Customer Information Management
Large Regional U.S. Bank
Large regional U.S. bank improves customer profiling to fight financial crimes.
Large regional U.S. bank serving consumers and businesses in more than a dozen states
Acquisitive approach to growth throughout its 100-plus-year history
Recognized for top-tier customer service
Shift AML and KYC compliance focus from account-centric to customer-centric view of transaction risk
Reduce volume of low-risk AML/KYC alerts, to focus investigators on the customers that pose the highest risk
Better ability to isolate high-risk customers; alerts based on risk at customer level, not individual transaction level
More efficient utilization of investigative resources
Increased confidence that the bank is identifying and reporting all financial crimes that touch their systems
One of the biggest challenges for financial institutions in the modern era is to cost-effectively comply with anti-money laundering (AML), Know Your Customer (KYC) and similar regulations. Efficient compliance is a daunting goal, given the speed of transactions, the complexity of data and systems, and the ingenuity of those seeking to break the law without getting caught.
A large regional U.S. bank was under regulatory scrutiny, both for insufficient management of KYC requirements and for failing to report some suspicious activities that it should have caught but didn’t. Both problems hearkened back to the bank’s inability to accurately gauge the risk of an individual customer across accounts.
The bank was taking an account-centric, rather than customer-centric, view of transaction risk. This perspective made its transaction monitoring system overly alarmist. For example, suppose that all transactions over $10,000 triggered an alert. One customer who regularly engaged in that size of transactions might actually present a low risk to the bank if viewed across all her different accounts. But an account-centric approach might prevent the bank from seeing that.
The regional bank did make a cursory effort to look at transactions at a customer level, as well as to determine customer risk based on watch-list screening. However, some customers held accounts under multiple names, whether due to data-entry errors, nicknames or intentional obfuscation. Lacking a consolidated view of each individual, the bank could not identify which transactions actually posed the most risk.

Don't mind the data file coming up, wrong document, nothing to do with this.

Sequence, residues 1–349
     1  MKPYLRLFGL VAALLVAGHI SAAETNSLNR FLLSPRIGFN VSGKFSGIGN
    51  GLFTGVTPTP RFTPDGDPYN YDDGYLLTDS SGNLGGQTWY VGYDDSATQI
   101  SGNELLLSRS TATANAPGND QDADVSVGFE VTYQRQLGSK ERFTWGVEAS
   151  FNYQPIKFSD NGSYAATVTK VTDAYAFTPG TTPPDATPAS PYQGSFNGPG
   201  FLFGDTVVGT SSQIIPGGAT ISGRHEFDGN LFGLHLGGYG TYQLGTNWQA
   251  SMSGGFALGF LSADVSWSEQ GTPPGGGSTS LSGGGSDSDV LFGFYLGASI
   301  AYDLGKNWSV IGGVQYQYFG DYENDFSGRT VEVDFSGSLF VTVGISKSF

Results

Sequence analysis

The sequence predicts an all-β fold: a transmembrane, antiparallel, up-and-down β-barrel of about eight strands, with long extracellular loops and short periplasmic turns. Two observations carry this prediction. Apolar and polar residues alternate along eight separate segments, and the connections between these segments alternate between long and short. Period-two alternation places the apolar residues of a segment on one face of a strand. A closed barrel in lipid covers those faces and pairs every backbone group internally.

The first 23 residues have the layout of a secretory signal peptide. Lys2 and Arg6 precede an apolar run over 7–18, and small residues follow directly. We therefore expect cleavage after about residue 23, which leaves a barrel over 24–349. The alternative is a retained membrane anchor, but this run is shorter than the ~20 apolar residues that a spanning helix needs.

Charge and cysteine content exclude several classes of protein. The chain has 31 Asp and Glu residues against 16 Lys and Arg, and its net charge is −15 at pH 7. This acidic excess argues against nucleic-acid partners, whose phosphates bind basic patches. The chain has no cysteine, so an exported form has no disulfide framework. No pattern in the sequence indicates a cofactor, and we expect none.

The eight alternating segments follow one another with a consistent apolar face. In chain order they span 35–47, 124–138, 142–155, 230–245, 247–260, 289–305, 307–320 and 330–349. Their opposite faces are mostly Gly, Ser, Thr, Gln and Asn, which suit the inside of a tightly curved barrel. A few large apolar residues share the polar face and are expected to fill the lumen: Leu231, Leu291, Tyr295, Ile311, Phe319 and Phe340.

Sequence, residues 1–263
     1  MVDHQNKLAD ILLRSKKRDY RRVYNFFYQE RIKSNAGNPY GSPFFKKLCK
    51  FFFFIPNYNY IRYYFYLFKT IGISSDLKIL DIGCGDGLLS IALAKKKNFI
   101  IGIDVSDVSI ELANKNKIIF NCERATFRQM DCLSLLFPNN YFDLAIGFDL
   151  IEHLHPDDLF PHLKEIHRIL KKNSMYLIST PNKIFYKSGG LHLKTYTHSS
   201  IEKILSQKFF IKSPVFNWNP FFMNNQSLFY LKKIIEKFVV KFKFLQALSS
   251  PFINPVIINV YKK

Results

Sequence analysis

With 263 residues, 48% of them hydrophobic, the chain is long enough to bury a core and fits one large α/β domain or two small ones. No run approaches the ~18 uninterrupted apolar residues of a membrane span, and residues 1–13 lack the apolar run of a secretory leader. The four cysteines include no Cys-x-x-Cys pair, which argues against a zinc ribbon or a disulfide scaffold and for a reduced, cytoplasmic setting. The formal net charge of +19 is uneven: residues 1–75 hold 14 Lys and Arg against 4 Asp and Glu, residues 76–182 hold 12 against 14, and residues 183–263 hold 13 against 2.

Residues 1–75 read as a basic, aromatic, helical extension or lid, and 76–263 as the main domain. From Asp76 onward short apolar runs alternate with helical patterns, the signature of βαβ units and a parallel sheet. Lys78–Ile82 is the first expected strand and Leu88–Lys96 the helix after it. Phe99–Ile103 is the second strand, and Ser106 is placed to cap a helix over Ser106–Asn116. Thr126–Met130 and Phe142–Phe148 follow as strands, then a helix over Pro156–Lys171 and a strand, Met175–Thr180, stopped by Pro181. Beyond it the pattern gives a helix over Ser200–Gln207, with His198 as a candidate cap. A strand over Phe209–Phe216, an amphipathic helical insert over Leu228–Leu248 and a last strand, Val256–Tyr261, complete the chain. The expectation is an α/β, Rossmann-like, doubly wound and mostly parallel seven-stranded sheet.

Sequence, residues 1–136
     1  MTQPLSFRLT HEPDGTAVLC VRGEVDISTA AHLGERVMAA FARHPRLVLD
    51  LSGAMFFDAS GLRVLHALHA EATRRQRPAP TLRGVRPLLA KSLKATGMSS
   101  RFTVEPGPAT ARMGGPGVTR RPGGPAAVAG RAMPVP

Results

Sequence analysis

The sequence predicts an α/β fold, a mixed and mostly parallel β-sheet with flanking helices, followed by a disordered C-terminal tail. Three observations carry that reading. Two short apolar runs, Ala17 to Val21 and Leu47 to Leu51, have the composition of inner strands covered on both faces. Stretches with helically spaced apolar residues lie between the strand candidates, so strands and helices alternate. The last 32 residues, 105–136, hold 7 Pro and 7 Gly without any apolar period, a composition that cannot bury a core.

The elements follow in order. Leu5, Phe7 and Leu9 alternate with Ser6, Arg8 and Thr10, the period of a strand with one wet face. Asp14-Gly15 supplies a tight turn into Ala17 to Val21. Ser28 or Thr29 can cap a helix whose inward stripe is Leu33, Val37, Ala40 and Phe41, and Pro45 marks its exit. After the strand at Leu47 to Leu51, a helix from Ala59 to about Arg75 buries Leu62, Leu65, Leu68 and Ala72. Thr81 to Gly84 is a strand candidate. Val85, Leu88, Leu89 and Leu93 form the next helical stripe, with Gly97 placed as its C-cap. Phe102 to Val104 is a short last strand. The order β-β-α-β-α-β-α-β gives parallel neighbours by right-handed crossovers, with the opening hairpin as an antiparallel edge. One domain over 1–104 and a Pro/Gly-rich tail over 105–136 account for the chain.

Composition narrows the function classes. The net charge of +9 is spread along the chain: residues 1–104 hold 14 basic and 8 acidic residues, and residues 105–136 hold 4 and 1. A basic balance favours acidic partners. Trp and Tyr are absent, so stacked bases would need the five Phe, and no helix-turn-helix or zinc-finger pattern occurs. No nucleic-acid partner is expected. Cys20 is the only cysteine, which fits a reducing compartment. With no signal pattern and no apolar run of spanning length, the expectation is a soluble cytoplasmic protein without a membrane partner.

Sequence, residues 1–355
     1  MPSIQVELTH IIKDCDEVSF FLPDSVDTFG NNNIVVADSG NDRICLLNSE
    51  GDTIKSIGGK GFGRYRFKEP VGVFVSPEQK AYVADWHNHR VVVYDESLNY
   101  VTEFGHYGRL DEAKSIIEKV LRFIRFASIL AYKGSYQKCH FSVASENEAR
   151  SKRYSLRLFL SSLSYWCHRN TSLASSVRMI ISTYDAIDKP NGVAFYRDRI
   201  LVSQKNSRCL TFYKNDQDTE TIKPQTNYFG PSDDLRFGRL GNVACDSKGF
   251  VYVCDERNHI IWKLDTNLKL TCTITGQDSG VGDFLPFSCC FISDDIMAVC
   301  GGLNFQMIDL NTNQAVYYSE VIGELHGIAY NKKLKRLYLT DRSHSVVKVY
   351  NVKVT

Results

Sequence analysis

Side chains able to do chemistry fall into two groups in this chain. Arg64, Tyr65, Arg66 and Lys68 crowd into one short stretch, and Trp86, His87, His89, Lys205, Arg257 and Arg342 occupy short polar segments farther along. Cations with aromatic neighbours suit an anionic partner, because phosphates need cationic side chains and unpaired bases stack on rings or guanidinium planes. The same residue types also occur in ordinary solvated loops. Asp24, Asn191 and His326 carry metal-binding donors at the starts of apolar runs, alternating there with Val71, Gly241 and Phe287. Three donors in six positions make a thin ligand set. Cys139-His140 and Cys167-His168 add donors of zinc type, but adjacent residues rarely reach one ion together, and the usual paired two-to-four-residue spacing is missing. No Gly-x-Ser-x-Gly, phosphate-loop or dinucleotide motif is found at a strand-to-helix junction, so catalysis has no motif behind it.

Investigators were overwhelmed by the volume of alerts, most of which turned out not to be worth their time, while the real lawbreakers eluded them.
The large regional bank sought a solution that would consolidate customer data across all the accounts associated with a particular individual, then feed that consolidated data into the bank’s screening and transaction monitoring systems. After reviewing solutions from several financial crime and compliance software vendors, the bank saw the greatest value in Pitney Bowes Spectrum® Entity Resolution and decided to deploy the software to support its watch-list screening and transaction monitoring.
The bank liked the fact that Entity Resolution wouldn’t require it to rip out and replace the systems it was already using. It also appreciated that Pitney Bowes focuses not just on providing technology to banks, but on partnering with banks in their efforts to detect financial crimes.
Now, Entity Resolution pulls customer information out of all the bank’s CRM systems and other customer databases across its lines of business. The system consolidates all the data associated with a particular name, then compares it against Pitney Bowes data on common name variants. The resulting holistic view of each customer notes relationships across accounts, including ultimate beneficial ownership of accounts and association with shell companies.
The bank feeds data from this comprehensive customer view into its screening and transaction monitoring systems. This gives the bank a more complete risk profile for each individual and enables it to better segment customers by risk.
Results and benefits
The bank’s screening and transaction monitoring systems now do a better job of isolating high-risk customers and providing alerts based on the risk profile of the customer, not just the account or transaction. The solution was implemented recently, but the regional bank projects that Entity Resolution will simultaneously help it mitigate its compliance challenges and reduce the costs of compliance.
The bank’s legacy software environment was not an anomaly. Transaction monitoring systems typically generate a significant number of false positives. Some estimates peg the proportion of false positives at 95 percent to 98 percent of all alerts coming out of a transaction monitoring system. This would mean that only 2 percent to 5 percent of all alerts are worth an investigator’s time to pursue. Dialing in investigative resources to focus on the customers and accounts that pose the highest risk will ensure more efficient use of those resources, which will result in cost savings for the regional bank.
At the same time, the improved customer risk profiling and segmentation give bank managers increased confidence that they are identifying and reporting all financial crimes that touch their systems. And that’s a win-win-win: for the bank, for government regulators and for the general public, whom financial-crimes rules are designed to protect.